Google profits back on track as annual revenue hits record
Google has reported a rise in profits with a jump in revenues, as it ploughed more money into advertising and research and development.
Net profit for the final three months of last year was $2.89bn (£1.83bn), up 7% on a year earlier. Revenues were up by more than a third at $14.4bn.
Google shares rose by almost 5% in after-hours trading, following the better-than-expected results.
Separately, computer maker IBM reported a modest rise in profits.Record revenue
In the third quarter of 2012, Google's profits fell sharply from a year earlier. The final three months of the year marked a return to profit growth.
"We ended 2012 with a strong quarter," said the internet giant's chief executive Larry Page.
"And we hit $50bn in revenues for the first time last year - not a bad achievement in just a decade and a half.
"In today's multi-screen world we face tremendous opportunities as a technology company focused on user benefit. It's an incredibly exciting time to be at Google."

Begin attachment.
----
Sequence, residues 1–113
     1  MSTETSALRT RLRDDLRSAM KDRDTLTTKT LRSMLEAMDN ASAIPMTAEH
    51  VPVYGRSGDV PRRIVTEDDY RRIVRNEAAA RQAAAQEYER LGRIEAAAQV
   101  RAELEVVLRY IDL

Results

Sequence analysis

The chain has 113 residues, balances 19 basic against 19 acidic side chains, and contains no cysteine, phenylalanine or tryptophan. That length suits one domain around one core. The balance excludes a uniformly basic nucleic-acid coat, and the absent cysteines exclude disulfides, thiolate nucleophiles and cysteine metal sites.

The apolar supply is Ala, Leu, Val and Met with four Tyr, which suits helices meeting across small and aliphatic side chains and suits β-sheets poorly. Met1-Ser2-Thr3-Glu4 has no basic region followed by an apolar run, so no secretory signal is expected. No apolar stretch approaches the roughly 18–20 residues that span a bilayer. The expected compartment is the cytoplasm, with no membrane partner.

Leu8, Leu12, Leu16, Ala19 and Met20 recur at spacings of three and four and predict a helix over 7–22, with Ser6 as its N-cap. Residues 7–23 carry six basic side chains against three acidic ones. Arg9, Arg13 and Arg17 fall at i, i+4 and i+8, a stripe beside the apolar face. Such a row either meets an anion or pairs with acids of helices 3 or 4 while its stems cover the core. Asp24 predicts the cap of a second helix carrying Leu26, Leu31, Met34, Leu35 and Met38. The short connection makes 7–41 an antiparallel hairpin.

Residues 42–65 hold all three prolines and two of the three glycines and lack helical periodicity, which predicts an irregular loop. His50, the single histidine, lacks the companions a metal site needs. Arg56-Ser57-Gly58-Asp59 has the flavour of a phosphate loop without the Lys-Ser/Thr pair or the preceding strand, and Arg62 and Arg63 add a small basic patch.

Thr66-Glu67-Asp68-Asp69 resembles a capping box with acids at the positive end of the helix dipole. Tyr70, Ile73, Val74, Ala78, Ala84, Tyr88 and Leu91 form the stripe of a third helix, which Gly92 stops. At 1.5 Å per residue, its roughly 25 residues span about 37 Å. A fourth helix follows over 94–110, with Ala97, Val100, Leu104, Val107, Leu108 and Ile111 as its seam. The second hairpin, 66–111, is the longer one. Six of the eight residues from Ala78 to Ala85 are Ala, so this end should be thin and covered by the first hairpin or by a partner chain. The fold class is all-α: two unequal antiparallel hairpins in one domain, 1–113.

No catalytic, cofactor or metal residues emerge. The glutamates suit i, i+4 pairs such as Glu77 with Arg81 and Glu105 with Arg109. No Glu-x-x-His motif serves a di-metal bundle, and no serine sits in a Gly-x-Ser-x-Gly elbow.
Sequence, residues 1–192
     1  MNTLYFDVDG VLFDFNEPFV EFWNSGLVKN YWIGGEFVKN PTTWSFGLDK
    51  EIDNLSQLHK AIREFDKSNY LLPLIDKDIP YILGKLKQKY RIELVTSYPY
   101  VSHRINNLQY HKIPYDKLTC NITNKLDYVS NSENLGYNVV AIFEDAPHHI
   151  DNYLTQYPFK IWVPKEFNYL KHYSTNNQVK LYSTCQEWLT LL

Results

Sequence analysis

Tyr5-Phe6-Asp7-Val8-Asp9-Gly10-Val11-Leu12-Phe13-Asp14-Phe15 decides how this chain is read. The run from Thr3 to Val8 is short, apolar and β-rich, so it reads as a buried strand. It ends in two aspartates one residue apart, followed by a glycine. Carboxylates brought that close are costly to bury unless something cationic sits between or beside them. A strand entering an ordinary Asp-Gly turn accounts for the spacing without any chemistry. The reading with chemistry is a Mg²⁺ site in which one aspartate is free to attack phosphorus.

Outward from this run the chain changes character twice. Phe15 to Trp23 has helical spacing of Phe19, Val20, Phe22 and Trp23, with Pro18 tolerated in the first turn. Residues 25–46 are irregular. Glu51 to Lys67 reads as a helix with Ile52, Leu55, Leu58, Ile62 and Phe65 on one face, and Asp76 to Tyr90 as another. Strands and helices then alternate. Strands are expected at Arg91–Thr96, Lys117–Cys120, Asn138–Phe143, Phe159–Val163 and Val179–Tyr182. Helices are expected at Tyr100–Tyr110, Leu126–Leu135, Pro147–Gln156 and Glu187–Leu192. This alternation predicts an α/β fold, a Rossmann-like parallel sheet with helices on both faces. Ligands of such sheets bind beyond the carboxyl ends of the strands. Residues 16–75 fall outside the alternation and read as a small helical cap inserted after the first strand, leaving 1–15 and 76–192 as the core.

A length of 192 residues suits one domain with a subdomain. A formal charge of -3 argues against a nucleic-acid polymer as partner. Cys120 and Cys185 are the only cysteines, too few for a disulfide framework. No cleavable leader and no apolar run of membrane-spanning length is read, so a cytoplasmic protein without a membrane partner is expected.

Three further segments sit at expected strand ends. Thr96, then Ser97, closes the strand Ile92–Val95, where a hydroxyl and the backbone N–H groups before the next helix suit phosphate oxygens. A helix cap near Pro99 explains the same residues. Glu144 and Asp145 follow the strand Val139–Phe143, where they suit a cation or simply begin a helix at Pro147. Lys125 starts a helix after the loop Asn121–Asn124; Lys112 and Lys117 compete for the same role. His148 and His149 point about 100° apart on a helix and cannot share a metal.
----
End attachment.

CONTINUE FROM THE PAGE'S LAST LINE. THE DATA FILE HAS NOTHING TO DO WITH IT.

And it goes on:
The fourth quarter figures are not directly comparable with a year earlier, as they include Motorola Mobility, which Google bought in May 2012. The subsidiary made a loss in the latest three month period.'Amazing'
Analysts were impressed by Google's performance.
"Business looked really strong, especially from a profitability perspective - they really grew their margins in the core business, which is quite amazing," said Sameet Sinha from B Riley.
"Most of that strength seems to be coming from international markets, which grew revenues quite substantially - up 23%, year-over-year."
Google's strong performance came as another technology giant, IBM, revealed its earnings grew 6% in the fourth quarter, as it benefited from lucrative software businesses, such as internet-based computing.
IBM earned $5.8bn between October and December, compared to $5.5bn over the same period a year earlier.
It is the 40th consecutive quarter that IBM has enjoyed growth in earnings per share, compared to a year earlier.